Our results suggest that women taking biologics are followed up more appropriately and have a better quality of life, with less impact of the disease on sexual health, than patients not taking biologics. Treatment of psoriasis during pregnancy and breastfeeding is challenging for the clinician.3,13,14 While numerous therapies with potential teratogenic effects must be withdrawn before conception,13 some treatments can be used safely during pregnancy and breastfeeding, and we should inform patients in this regard. Certolizumab pegol is the safest biologic in both pregnancy and breastfeeding, given that its passage across the placenta to the mother's milk is minimal or nonexistent.16,17,20 Pregnant women treated with biologics can continue treatment during the first and second trimesters. The risks and benefits of continuing treatment during the third trimester can be discussed with the patient. However, patients taking certolizumab pegol can continue to do so throughout their pregnancy, if considered clinically necessary, as well as during breastfeeding.13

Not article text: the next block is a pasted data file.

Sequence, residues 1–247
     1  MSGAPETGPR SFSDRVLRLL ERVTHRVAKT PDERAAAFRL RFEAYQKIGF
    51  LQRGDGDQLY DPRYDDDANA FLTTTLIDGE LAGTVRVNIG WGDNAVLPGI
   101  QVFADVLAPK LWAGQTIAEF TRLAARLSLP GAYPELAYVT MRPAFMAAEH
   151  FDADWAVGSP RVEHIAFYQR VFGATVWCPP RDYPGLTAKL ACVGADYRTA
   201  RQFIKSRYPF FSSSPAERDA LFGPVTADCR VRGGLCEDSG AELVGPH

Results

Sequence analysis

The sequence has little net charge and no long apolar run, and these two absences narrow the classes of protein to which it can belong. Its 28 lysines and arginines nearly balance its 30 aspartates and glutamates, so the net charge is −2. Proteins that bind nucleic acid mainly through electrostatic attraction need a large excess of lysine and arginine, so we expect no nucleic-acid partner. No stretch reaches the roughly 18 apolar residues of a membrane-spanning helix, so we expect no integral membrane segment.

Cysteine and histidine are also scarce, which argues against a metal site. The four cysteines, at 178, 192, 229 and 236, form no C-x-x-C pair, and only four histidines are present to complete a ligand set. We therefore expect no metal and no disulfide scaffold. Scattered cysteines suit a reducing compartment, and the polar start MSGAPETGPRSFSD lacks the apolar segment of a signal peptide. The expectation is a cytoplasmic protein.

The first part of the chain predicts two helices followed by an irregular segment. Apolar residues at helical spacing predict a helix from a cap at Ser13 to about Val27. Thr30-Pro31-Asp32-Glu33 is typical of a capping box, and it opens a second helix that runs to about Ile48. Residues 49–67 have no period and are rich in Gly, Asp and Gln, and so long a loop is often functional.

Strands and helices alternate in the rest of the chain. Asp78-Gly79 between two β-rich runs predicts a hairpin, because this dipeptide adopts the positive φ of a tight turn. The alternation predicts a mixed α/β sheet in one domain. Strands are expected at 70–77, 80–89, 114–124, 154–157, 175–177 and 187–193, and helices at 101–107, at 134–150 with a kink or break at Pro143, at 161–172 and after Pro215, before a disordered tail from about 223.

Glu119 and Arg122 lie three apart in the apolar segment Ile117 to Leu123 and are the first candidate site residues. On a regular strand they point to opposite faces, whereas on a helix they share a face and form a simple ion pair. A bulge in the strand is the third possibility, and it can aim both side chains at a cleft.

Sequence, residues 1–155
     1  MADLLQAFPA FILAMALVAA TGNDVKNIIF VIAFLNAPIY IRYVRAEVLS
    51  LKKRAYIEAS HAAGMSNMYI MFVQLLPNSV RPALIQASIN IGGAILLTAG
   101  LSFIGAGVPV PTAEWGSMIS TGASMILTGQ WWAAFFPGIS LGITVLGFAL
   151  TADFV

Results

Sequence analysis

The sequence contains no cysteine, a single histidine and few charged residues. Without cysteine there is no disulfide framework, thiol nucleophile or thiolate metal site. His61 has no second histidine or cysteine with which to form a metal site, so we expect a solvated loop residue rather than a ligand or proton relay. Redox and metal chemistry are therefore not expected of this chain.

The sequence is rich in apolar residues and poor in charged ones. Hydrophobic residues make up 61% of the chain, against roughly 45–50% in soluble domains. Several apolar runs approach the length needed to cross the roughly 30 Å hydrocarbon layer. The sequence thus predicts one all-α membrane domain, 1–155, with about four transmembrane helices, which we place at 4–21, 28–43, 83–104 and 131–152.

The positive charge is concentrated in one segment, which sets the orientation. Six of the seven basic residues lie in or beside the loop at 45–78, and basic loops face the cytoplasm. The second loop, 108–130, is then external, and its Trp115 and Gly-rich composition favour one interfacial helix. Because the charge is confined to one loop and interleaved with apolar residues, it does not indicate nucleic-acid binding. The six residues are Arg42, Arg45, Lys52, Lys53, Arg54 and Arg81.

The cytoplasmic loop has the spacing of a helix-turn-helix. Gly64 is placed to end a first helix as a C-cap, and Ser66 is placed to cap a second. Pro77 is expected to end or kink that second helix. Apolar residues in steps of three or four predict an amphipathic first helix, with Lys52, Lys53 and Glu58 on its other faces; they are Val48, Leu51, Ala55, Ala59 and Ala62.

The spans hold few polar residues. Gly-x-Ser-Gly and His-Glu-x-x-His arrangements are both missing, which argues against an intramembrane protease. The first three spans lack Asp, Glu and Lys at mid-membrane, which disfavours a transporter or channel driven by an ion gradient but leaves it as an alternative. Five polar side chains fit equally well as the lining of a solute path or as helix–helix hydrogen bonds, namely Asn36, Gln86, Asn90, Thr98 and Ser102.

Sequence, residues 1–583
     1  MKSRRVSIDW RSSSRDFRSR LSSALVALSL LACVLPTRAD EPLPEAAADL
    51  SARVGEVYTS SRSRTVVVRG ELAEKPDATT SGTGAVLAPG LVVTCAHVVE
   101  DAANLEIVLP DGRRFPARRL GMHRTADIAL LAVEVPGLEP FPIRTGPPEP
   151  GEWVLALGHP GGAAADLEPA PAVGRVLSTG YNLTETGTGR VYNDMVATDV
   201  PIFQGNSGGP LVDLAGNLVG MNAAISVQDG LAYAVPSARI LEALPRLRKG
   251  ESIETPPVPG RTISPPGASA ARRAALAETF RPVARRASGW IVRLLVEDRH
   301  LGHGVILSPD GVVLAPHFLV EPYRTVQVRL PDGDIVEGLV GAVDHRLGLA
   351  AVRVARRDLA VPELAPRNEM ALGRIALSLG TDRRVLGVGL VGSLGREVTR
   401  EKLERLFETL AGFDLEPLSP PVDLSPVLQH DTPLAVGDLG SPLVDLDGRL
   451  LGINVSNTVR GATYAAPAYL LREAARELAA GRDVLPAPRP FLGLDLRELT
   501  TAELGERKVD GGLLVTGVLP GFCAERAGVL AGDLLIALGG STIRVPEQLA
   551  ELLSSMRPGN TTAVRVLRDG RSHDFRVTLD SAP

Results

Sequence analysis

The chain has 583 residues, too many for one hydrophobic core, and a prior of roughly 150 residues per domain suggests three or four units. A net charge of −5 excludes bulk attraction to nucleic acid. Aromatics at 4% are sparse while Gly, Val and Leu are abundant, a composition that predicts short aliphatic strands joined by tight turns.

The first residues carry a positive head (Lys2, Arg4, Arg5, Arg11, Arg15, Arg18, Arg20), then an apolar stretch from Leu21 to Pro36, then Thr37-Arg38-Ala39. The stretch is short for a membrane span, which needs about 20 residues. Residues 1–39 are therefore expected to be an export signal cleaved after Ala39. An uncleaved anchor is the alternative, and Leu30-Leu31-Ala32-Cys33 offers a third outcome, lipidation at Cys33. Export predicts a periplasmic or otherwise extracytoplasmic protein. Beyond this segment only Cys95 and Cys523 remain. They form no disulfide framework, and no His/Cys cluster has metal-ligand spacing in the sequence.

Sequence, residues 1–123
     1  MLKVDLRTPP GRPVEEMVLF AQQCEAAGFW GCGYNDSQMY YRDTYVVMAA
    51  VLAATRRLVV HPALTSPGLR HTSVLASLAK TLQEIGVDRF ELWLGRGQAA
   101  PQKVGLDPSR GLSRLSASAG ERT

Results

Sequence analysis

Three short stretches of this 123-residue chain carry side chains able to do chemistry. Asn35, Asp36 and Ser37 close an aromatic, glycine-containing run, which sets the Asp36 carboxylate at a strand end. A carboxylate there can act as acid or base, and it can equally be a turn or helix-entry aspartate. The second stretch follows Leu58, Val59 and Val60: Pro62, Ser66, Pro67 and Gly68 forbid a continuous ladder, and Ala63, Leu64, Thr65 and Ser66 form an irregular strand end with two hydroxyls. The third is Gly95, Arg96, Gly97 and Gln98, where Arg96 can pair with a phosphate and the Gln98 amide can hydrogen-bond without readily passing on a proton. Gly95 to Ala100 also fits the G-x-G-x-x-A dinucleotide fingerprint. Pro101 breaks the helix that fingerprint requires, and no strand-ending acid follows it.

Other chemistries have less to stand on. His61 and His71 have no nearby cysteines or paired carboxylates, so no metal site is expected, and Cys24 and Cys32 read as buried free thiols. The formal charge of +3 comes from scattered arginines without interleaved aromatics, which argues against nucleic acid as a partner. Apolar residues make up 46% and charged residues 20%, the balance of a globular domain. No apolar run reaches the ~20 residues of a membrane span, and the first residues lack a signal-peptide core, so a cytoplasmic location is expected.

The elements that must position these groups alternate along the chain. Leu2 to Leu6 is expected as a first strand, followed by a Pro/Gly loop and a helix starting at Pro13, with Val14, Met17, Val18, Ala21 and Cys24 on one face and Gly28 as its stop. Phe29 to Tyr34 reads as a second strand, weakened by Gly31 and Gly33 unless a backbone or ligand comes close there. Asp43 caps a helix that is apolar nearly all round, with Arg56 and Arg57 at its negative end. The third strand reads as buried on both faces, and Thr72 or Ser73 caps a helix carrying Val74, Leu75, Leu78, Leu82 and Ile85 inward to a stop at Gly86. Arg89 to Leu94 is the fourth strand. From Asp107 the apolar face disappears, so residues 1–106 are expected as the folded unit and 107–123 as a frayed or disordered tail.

It has been shown that in both healthy women20 and in women with other chronic diseases,21 attitude toward pregnancy is influenced by perception of risk.22 Chronic diseases are associated with various risks during pregnancy, and the perception of risk is unique to each individual and not based only on objective information with respect to the risk.20 Therefore, further research is necessary to understand women's perception of risk in specific chronic diseases. In addition, efforts must be made to improve the information provided to patients on objective risks.20 In the specific case of psoriasis, recent guidelines address patient management.13